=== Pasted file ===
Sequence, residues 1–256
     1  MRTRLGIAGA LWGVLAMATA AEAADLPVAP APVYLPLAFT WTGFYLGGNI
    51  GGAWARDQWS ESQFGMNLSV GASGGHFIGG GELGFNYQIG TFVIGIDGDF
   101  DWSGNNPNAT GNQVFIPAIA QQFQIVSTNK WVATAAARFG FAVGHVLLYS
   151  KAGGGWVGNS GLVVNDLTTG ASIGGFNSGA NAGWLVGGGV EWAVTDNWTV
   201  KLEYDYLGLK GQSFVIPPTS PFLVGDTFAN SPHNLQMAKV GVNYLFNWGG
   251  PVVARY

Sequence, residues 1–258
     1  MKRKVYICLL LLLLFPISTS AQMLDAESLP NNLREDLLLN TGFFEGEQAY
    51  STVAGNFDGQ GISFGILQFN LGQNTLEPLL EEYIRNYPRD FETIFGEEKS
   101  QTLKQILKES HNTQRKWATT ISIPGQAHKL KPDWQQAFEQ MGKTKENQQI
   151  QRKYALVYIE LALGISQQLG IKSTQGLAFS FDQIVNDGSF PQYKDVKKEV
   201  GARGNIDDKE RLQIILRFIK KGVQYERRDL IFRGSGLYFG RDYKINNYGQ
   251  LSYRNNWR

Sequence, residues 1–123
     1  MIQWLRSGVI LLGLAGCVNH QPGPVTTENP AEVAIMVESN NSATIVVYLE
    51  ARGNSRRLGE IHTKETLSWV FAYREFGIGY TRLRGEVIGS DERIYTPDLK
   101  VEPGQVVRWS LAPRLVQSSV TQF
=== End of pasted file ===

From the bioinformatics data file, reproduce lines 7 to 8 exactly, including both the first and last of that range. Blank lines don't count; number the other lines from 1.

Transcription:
   251  PVVARY

Sequence, residues 1–258